Thanks to Evie for presenting! Today we had an excellent case about a young patient coming in with acute-subacute symmetric bilateral proximal muscle weakness and paresthesias after a recent URI found to have most likely a viral myositis.
A few learning points:
1) The differential diagnosis for weakness can be broken down into 4 main groups: CNS, PNS/neuromuscular, oxygen delivery, and other.
2) Early UMN lesions may present with hyporeflexia.
3) EMG is a great modality to use to help sort out the differential for neuromuscular conditions. It can be used to localize the lesion [anterior horn vs nerve (root or axonal or demyelinating) vs NMJ vs muscle] as well as determine chronicity.
Want to know more?
- a. CNS lesions
- b. Spinal cord – MS/TM/ADEM, epidural compression, vascular
- a. Anterior horn – ALS is the classic (also polio, west nile, lead)
- b. Peripheral nerve
- i. mononeuropathy & plexopathy eg. carpal tunnel
- ii. mononeuritis multiplex eg. vasculitis
- iii. polyneuropathy
- axonal eg. DM (also B12, thyroid, toxins, infectious, vasculitis, paraproteinemic)
- demyelinating eg. AIDP (GBS)/ CIDP (also CMT)
- c. NMJ – Myesthenia gravis, Lambert-Eaton are classic (also west nile)
- d. Muscle/ myopathy – can be separated into inflammatory (eg DM/PM), infectious, endocrine, toxic, metabolic/electrolytes, paraneoplastic, critical illness
3) Oxygen delivery
- a. Remember DO2 = CO x Hgb x O2 sat so this would include cardiovascular, pulmonary, anemia etc.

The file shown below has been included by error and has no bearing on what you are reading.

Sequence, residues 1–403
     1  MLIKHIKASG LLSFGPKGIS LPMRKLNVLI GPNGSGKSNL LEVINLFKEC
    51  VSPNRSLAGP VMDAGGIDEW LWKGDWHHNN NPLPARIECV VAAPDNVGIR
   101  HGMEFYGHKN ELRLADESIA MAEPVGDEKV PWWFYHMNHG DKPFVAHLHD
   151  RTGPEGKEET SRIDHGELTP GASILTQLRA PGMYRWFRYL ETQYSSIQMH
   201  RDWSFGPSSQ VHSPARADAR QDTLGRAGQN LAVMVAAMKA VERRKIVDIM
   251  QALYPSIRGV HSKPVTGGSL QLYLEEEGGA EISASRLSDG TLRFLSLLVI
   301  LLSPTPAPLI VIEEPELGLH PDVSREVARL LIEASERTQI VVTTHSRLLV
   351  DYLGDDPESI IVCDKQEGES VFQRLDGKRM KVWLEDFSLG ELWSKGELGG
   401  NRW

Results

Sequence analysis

- a. Psych
Localization of PNS lesions: Here is a great PDF created by former UCSF chiefs that breaks down using the exam and EMG to determine etiology.
Transverse myelitis: An illness script for transverse myelitis is a young patient coming in with acute-subacute symmetric motor, sensory and autonomic dysfunction usually with a clearly defined sensory level. Etiologies include 1) idiopathic 2) infectious or inflammatory 3) toxic-metabolic and 4) MS-NMO related condition. The usual workup includes MRI w gadolinium contrast and LP (looking for CSF pleocytosis or elevated IgG index). Brain imaging, and visual evoked potentials are needed to distinguish TM from MS-NMO-ADEM. The TM consortium workgroup has a nice paper about this.
Viral myositis: An illness script for viral myositis is a person coming in with a recent viral prodrome (days-2 weeks) found to have elevated CK. Some culprits include: flu, coxsackie, EBV, HSV, paraflu, adeno, echo, CMV, measles, VZV, HIV, and dengue.